“In particular the 35 to 49 years show a slightly more positive attitude towards entrepreneurship than every other age group. Independence from an employer and self-fulfillment remain the most appealing aspects to start up an own business. On the other hand, for 85 percent of South Africans, the fear of failing is an obstacle to starting a business, which is above the international average (70 percent)” says Professor Urban.
From a global perspective, the fear of failure remains a significant hurdle for people who desire to start their own businesses. Financial burdens together with the threats of the economic crisis are the factors feeding this fearfulness the most. Furthermore, all factors to starting a business are less
appealing in countries with greater cultural intolerance for uncertainty. In countries with higher economic output, people rate self-fulfillment as a much stronger driver for entrepreneurship.
The first survey launched in 2010 as the Amway European Entrepreneurship Report, and it expanded worldwide with the 2013 AGER, encompassing 24 countries. This year’s report spans over 44 countries with telephonic interviews conducted with nearly 50, 000 men and women aged 14 to 99.
“The entrepreneurial spirit in South Africa, and around the world, is clearly and convincingly alive. The desire to start a business is there, and now we need to use these insights to nurture the entrepreneurial spirit and provide opportunities that will see our economy grow,” concludes Parshotam.

Entrepreneurial potential remains high.
Two in five respondents (43 percent) could imagine starting a business. Men (47 percent) were considerably more willing than women (38 percent). University degree holders and those under 35 years (each 51 percent) showed the most potential. All this said, however, just 10 percent were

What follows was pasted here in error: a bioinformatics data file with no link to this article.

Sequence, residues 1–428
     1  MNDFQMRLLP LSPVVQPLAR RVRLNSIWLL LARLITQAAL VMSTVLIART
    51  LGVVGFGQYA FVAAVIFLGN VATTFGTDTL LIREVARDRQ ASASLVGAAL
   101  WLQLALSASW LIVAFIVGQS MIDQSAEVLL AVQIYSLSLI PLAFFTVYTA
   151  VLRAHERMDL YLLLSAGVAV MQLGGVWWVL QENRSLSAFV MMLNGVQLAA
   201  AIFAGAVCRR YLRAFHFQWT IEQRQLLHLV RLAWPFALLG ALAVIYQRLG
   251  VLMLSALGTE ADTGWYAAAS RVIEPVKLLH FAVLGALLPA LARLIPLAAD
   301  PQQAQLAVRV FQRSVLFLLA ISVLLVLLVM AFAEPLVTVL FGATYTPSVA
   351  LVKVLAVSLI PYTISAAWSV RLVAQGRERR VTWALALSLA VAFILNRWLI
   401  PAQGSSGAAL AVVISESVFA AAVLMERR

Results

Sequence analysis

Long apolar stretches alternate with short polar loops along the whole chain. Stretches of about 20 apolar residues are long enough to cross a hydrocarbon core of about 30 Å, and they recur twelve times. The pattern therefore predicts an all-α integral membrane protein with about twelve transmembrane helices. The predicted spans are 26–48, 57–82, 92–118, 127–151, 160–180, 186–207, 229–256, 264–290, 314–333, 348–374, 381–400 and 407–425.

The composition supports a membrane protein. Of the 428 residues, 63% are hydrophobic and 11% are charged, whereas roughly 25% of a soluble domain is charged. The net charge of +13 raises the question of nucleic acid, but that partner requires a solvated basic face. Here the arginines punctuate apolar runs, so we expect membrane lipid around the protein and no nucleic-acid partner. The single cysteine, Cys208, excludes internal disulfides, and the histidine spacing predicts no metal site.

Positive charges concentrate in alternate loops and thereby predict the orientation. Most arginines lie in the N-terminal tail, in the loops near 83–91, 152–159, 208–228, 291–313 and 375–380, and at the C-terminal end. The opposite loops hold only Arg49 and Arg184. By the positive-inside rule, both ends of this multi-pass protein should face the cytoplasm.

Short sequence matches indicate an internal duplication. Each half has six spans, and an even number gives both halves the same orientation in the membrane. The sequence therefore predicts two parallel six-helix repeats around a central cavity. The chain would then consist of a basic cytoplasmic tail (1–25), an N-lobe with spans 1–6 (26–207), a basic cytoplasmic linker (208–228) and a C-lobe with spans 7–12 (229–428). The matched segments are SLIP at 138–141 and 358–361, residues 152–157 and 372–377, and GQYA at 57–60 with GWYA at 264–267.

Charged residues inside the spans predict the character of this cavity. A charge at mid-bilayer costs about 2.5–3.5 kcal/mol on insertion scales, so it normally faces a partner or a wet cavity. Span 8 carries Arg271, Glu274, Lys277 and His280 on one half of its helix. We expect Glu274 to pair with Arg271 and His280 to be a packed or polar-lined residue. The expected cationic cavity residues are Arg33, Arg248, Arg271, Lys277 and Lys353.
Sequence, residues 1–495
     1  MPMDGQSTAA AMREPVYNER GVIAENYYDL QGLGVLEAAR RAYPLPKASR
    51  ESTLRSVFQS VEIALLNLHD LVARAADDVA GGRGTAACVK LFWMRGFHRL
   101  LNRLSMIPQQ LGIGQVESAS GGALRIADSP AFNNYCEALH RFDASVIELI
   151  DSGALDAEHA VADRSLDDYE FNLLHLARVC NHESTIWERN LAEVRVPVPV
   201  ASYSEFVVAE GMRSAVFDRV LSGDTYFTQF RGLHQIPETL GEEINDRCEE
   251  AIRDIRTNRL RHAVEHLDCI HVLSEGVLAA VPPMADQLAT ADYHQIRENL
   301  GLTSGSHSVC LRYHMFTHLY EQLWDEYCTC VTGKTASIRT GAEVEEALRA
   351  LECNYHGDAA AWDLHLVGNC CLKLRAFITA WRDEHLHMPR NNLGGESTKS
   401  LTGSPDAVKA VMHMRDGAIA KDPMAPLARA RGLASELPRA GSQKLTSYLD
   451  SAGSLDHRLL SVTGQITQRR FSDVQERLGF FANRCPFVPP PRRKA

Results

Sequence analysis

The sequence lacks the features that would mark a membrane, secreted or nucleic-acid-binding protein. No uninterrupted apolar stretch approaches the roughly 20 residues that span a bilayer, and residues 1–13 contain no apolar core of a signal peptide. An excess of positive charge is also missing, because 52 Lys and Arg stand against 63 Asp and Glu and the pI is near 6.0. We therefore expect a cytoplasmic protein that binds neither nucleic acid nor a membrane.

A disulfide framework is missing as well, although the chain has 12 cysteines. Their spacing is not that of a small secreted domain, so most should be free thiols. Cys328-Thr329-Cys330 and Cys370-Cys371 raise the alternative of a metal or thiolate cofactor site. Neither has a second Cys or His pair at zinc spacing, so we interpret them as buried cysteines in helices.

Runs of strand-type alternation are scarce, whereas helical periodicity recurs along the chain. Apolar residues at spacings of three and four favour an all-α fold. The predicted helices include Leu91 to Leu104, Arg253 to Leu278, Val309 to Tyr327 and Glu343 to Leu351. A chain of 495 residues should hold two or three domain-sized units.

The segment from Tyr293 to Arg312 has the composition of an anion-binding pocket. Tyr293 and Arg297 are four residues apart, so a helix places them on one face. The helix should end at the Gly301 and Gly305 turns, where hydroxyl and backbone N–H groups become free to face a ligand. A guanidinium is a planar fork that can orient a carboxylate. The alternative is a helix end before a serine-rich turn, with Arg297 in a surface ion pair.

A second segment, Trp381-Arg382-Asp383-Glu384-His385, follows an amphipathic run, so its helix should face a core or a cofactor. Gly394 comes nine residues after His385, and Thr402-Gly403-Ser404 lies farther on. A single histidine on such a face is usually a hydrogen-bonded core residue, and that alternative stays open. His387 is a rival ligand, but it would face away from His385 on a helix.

currently self-employed, sustaining the entrepreneurial gap of 33 percent from 2014.

The Amway Entrepreneurial Spirit Index measures attitude and potential.
The AESI measures three dimensions that influence a person’s intention to start a business. The average for all countries was 51, calculated as the mean of the three areas measuring desirability, feasibility and stability against social pressure: 55 percent of the average expressed the desire to
become an entrepreneur; 47 percent felt prepared for entrepreneurship; and 49 percent would not allow their social networks to dissuade them. Men (54) had higher scores than women (47), and those 35 years scored highest among age groups.

Correlated with AGER results, AESI scores revealed that countries with a higher entrepreneurial spirit exhibited more positive attitudes toward entrepreneurship and higher entrepreneurial potential and rates of self-employment.

Top traits of entrepreneurs: curious, upbeat, in charge.
Respondents believed entrepreneurs “like to learn things” (84 percent), “want to enjoy life” (78 percent) and “like to be in charge and tell others what to do” (75 percent). They also characterize business owners as people who “look for adventures and like to take risks” (70 percent), “think the